The End of the World

by | Apr 7, 2020

So you have pain now; but I will see you again, and your hearts will rejoice, and no one will take your joy from you.

John 16:22

We are entering into Holy Week, and I have never felt the emotions of this week more than now.  There have been many parallels between the experience of Jesus’ disciples and our own lives in this time of Coronavirus. 

Now some of the symmetry might be in opposites as well.  The disciples were living their own lives, for good or for bad, until Jesus appeared and disrupted their lives with grace and challenge—telling them to leave their homes and families, and they witnessed amazing signs and wonders in this new life.  But then, things went terribly wrong when their leader was arrested and executed, and they were gripped with fear and confusion as their dreams were crushed.  Even though they were sure they were doing the right thing, the world seemed to stop when their savior died on the cross.

We were living our own lives, for good or for bad, until Coronavirus appeared and disrupted our lives with menacing challenge.  We were told to stay in our homes and families, yet through our faith and thanks to technology we witnessed some amazing signs in this new way of doing worship and caring for each other.  But now, we look ahead to a week when we are warned that there will be “a lot of death,” the worst week that we will have experienced in our lifetime.  We hear about the horrors of death and overwhelmed hospitals, and we are gripped with fear and confusion as millions of people lose their jobs, children lose their schools, trips are cancelled, and we have no idea how long this will last or whether we will be hit by the virus.  Even though we are trying to do the right thing, we are coming to the realization that even as we get through this crisis, it is likely that the world as we know it will never be the same.

When this crisis began, I noticed how folks responded to the situation in their own way, depending on their particular backup behaviors, and that was actually a good thing, because we could help each other through this.  I would liken it to grief, and how we all grieve in our own way, and we can’t and shouldn’t expect people to grieve along our own timelines.  A friend suggested that in fact we ARE experiencing grief now.  Some people have had their dreams stopped—lives lost, graduation ceremonies cancelled, restaurants closed down.  But for all of us, we wonder how we will be changed permanently by this forced and sudden world coma.  When we come out of it—and we have no idea how long it will last—what will we wake up to?

So in some ways we are more like Jesus’ disciples this Holy Week than in most years.  So much of life as we knew it has been taken away, and we don’t know what it will look like when the virus passes.  The trust we put into the pillars of our lives—the economy, the government, the healthcare system—has been sorely tested if not destroyed.  And the terror we see is unlike anything we have experienced, so we have few historical precedents to learn from.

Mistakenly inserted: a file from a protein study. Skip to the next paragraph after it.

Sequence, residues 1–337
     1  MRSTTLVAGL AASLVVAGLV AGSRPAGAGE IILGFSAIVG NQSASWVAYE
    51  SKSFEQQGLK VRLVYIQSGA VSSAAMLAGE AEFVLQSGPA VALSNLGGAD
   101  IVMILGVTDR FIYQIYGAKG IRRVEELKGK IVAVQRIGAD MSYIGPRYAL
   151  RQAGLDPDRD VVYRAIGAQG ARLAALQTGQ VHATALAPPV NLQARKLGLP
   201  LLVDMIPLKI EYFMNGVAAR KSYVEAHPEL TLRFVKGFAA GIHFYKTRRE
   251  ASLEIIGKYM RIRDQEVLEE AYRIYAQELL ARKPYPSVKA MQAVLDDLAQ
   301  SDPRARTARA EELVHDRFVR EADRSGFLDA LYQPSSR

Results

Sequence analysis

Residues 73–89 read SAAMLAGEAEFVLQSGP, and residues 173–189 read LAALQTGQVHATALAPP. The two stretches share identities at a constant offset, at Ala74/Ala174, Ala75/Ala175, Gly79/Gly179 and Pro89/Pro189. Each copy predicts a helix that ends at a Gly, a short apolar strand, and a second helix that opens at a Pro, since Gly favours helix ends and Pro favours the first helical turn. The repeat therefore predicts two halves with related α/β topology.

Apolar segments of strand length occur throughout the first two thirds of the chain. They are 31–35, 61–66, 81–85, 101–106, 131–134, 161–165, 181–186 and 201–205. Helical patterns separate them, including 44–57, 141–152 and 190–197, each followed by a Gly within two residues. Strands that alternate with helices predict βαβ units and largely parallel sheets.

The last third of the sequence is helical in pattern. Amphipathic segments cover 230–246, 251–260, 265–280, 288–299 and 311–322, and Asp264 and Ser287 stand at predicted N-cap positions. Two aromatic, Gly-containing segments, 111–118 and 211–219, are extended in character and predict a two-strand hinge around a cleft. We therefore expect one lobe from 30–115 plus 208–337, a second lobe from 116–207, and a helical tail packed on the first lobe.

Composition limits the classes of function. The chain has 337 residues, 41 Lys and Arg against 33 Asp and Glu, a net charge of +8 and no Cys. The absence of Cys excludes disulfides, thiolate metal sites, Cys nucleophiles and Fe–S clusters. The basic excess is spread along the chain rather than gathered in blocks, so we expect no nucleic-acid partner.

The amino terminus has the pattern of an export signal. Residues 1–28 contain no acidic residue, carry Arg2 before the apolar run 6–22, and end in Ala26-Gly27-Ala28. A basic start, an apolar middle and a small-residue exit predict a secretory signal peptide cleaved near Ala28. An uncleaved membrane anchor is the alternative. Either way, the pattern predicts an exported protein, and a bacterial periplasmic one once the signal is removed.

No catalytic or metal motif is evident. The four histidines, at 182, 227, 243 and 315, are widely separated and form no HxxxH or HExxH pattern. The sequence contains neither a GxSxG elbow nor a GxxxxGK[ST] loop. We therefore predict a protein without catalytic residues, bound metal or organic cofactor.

But we are also like Jesus’ disciples in that we have been given signs of hope.  Jesus has told us that there is new life, which requires the end of old life.  Jesus has warned us that there will be suffering, but he also promised that he will protect us, and ask God to give us the Holy Spirit, and he offers us peace.  And Jesus gave us a job to do:  to love one another, just as Jesus loves us—which means we love until the end, and love never fails.

Even as we walk this very cold, rainy, menacing week—even as we know that when that first Good Friday came, the world did come to an end—may we also remember the promises of hope, and peace, and new life that have been told and shown to us our whole lives.  Let us remember that the rain brings green and protects us from drought and fire, which were recent cause for fear.  Let us love one another, and learn new compassion, as our energy dips and our tensions rise as the monotony of this homebound life sets in.

And most of all, let us hold on to our loving God, and give thanks with our whole lives to Christ who gave up his life for us.  And may we be open to the healing balm of the Holy Spirit, even as we are reminded of the frail mortality of our physical bodies.  As we continue to love and care for each other in spirit, not in physical proximity, as we yearn for reminders of Christ’s resurrection and ours, we declare—with confidence and conviction!—the words of brother Paul:

When this perishable body puts on imperishability, and this mortal body puts on immortality, then the saying that is written will be fulfilled:

“Death has been swallowed up in victory.”
“Where, O death, is your victory?
      Where, O death, is your sting?”          1 Corinthians 15:54-55

As we walk this Via Dolorosa along with our Lord, let us never doubt that the power and wisdom of our God is bigger than anything we will face.  May the life-giving love of Christ infect your hearts and heal your minds and bodies, now and always.

In Christ’s peace,